Opinion | Hunter business upbeat | Bob Hawes

FLYING HIGH: Almost 80 per cent of Hunter businesses surveyed by the NSW Business Chamber expect profits to remain steady or increase over the short term.

FLYING HIGH: Almost 80 per cent of Hunter businesses surveyed by the NSW Business Chamber expect profits to remain steady or increase over the short term.

The NSW Business Chamber recently completed its quarterly survey of business and a large cohort of Hunter based firms took part.

Hunter businesses are optimistic about the year ahead based on the positive result recorded in the survey.

The results of the Business Conditions Survey demonstrate sentiment is strong across the region and business confidence is high on the back of perceived strength in the state and regional economies.

In the last three months of 2017, 80 per cent of Hunter business surveyed experienced stable or a total increase in revenue.

Almost 75 per cent of respondents recorded stable or an increase in profit over the same period which is encouraging news.

Business confidence is being driven by the construction boom in parts of the region, the recovery in the mining sector after improved commodity prices, the activity around large-scale development projects, such as the investment going into RAAF base Williamtown, and continuing low interest rates.

Compared with other parts of the state, Hunter businesses are expecting stronger conditions across most economic indicators including growth in capital spending, sales revenue, profit and staff numbers. Almost 80 per cent of the businesses surveyed in the Hunter expect profits to remain steady or grow over the short term.

Of businesses surveyed, 59 per cent hired new staff between October and December with two thirds of these being for new rather than replacement positions. This is consistent with recent reports of employment trends and improvement across the region and pleasingly, the availability of suitably qualified staff is not seen as a significant barrier for business with ambitions to expand.

However, cost pressures remain a concern for business with inefficiency and unproductive work, record high-energy costs, and general operating costs the top three targets for business to reduce expenses.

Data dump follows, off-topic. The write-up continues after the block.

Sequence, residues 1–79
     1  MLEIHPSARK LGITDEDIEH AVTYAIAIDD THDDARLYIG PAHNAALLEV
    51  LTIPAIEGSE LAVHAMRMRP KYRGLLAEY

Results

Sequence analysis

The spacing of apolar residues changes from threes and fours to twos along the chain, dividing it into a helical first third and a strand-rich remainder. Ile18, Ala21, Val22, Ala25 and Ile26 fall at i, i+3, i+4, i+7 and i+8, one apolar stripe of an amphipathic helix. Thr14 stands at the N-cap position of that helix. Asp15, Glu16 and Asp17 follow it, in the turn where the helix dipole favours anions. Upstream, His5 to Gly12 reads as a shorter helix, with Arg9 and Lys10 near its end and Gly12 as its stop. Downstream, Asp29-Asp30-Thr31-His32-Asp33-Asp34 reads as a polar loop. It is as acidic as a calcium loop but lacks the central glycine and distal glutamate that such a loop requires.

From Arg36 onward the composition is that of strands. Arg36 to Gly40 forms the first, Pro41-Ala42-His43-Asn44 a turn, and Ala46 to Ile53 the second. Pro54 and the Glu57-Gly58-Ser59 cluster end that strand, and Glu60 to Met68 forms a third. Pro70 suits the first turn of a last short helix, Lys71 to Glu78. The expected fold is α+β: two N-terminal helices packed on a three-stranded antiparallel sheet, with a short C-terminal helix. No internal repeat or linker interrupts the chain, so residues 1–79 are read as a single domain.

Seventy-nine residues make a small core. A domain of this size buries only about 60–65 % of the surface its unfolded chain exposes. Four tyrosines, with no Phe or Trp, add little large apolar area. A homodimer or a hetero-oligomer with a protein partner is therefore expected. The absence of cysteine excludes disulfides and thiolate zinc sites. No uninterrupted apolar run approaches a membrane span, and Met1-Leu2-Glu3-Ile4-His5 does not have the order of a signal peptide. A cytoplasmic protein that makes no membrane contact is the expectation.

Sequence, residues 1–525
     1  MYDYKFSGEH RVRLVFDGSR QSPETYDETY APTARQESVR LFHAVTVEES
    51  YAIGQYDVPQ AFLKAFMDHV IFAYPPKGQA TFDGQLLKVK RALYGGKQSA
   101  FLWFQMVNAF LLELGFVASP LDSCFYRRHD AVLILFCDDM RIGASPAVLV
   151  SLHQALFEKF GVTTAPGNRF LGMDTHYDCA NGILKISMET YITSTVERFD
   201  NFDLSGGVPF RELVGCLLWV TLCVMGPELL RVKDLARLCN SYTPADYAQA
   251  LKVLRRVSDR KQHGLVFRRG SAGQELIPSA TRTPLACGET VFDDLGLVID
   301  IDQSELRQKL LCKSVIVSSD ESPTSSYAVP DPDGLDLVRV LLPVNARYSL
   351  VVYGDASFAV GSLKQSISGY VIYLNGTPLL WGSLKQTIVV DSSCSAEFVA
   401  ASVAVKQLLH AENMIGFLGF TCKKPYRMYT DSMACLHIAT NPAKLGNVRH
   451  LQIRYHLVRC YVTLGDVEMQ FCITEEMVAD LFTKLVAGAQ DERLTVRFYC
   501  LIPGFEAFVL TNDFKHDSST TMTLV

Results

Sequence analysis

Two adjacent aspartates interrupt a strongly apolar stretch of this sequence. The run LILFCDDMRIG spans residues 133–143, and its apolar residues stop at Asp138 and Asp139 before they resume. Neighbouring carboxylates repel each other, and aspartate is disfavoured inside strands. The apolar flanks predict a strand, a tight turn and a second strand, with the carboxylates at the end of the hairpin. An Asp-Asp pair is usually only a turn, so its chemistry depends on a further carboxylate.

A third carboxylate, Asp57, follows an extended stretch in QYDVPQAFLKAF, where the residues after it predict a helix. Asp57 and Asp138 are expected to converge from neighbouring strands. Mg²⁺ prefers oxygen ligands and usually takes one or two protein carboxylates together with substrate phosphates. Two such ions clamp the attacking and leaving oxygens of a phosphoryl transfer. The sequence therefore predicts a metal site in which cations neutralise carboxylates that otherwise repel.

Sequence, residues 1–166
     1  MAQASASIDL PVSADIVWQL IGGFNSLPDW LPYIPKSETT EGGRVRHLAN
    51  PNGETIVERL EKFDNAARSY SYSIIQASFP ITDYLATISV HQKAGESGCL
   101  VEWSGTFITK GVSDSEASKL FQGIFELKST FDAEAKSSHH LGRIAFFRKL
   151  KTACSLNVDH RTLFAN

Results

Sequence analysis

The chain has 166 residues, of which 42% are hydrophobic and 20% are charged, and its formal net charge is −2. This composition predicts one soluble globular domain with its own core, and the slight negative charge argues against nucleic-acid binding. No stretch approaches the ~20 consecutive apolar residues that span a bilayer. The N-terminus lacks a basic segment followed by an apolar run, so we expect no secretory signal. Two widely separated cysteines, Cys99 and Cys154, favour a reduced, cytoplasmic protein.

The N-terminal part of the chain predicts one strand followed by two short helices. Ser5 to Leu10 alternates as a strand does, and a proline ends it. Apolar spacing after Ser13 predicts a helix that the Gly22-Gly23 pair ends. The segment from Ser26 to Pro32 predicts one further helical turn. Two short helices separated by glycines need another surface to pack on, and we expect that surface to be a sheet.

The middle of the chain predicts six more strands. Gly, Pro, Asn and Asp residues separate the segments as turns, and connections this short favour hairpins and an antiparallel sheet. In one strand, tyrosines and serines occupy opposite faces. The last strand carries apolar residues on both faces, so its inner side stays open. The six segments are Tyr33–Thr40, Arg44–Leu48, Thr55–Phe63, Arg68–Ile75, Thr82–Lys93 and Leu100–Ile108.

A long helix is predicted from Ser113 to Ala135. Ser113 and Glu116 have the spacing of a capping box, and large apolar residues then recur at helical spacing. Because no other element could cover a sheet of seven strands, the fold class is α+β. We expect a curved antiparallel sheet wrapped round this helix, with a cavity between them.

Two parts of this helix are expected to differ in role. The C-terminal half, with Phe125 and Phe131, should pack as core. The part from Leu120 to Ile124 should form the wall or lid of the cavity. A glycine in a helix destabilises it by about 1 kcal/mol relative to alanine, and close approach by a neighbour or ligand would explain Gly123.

It seems the energy cost and supply issues still weigh heavily on business with the item leaping from the fifth to the second most prevalent matter noted in the past year. We’re not seeing a response from government that satisfies business despite initiatives announced in late 2017.

The Hunter Business Chamber is conscious, however, that anecdotally, not all businesses are performing as well as they would like. Issues, for example, with traders in the Newcastle CBD among the revitalisation and private sector projects have been widely reported.

Drought conditions in parts of the Hunter have a flow-on effect on many businesses that support the rural sector. In an ironic twist, some businesses with immediate ambition to grow and take on staff are having trouble recruiting despite the apparent employment buffer we have, even though the unemployment rate is decreasing.

It’s incumbent that we do what the region has shown a capacity for in the past and that is to try to bring all members of the community and business sector along the same and hopefully positive journey. It is clear we will have a task ahead to maintain and spread the benefits of the current positive indicators.

Bob Hawes is Hunter Business Chamber CEO